Hometown Radio interviews will be conducted on-site during the 2014 AAOS Annual Meeting in New Orleans.

AAOS Now

Published 1/1/2014
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Michael F. Schafer, MD

An Opportunity to Shine On-Air at the 2014 Annual Meeting

Record your own Hometown Radio segment in New Orleans

As orthopaedic surgeons, we speak to patients everyday about their specific health needs, address their concerns, and share our expertise. Often, the general bone and joint health knowledge we share with our patients will also be of interest to a larger audience.

For example, I’ve had many conversations with patients about how to start an exercise program, what to expect from a back surgery, or how to alleviate back pain with nonsurgical treatment. Broad-based, consumer-friendly exchanges like these can make a great topic for Hometown Radio.

During the Academy’s 2014 Annual Meeting in New Orleans, the AAOS will offer a free opportunity to participate in a radio interview conducted on-site in the Morial Convention Center. A health reporter from Hometown Radio will conduct a 5-minute interview and edit it down to a 3-minute piece. The interview will then be transmitted to radio stations in your hometown and state.

Interview topics
Potential topics for a good Hometown Radio interview include common conditions that you see in your regular practice. Do your patients commonly ask about when they can resume activities after a hip replacement? Are they often confused by terms such as “bone fracture” versus “broken bone”? Or maybe they want to know about proven treatment options for their knee arthritis.

Hometown Radio is an opportunity for you to clarify many of those frequently asked questions.

The following topics are examples of issues you can discuss during the interview:

  • how to prepare for a joint replacement surgery
  • how patients can play an active role during their orthopaedic care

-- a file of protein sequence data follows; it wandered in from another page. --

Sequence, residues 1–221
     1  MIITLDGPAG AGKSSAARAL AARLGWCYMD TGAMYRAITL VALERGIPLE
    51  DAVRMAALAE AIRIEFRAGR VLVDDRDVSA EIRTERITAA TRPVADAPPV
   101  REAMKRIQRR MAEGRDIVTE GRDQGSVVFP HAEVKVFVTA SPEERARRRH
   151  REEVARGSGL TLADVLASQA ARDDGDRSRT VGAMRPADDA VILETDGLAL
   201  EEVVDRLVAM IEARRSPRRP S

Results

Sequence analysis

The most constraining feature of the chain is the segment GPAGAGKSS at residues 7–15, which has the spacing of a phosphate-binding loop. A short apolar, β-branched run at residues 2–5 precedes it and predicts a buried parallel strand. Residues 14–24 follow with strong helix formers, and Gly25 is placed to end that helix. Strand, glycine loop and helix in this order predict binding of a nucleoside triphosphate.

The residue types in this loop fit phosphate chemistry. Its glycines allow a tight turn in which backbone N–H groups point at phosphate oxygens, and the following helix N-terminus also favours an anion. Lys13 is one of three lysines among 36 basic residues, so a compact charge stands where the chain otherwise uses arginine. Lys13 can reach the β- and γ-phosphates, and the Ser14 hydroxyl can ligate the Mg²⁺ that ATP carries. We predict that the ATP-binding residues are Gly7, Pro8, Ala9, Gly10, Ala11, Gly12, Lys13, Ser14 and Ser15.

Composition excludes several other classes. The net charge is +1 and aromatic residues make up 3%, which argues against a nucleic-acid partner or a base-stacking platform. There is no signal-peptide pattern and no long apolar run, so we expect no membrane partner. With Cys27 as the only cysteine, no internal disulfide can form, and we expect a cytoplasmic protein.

• injury prevention tips, such as how to prevent falls at home
  • distracted driving in your community and preventing trauma-related injuries
  • safely starting an exercise program
  • preventing youth sports injuries
  • obesity and joint health
  • nutrition and its impact on the musculoskeletal system
  • making the decision to have surgery

For more topic ideas, visit the Academy’s patient education website at orthoinfo.org

A tip for ending the interview
If you decide to record a radio spot, be sure to mention the AAOS patient-oriented information websites during the interview. Listeners can find more bone and joint health information at orthoinfo.org and at the
ANationInMotion.org websites. You can also urge listeners to share their patient stories on the A Nation In Motion® website.

When, where, how
Interviews will be conducted on Wednesday through Friday, March 12–14. The first interview is at 9 a.m.; the last interview begins at 5:45 p.m. Interview slots are limited and will be honored on a first-come, first-serve basis, so sign up as soon as possible.

Hometown Radio interviews will take place in Academy Hall E, level 1, of the Morial Convention Center. More information about this location will be sent to those who sign up for an interview slot.

To schedule an interview, email media@aaos.org. You will receive a list of times available so you can select a 15-minute slot (5 minutes for the actual interview; 10 minutes for preparation and set-up).

I encourage you to take advantage of this valuable opportunity to share your knowledge with residents in your community.

Michael F. Schafer, MD, chairs the AAOS Communications Cabinet.

Helpful Tips for a Successful Radio Interview

  • Prepare for your radio interview by creating three to five key messages. The beauty of a radio interview is that you can bring your notes with you.
  • Never answer questions with a “yes” or “no.” Always offer additional details to support your answer.
  • Use short sentences to make each key point. The reporter will most likely use a 15-second sound bite, not the longer explanations.
  • Speak in a natural, conversational tone with different inflections based upon the point being made.
  • Use gestures while talking, even though they cannot be seen. This will help with voice inflection and to make important points.
  • Never feel obligated to fill empty airtime, but if you feel there is an important point to make, make it.
  • Always wait for the reporter to finish the question before speaking.
  • If the reporter asks if you want to add anything else, be sure to say something like “Listeners can find more information about this topic at orthoinfo.org,” or direct them to your personal website.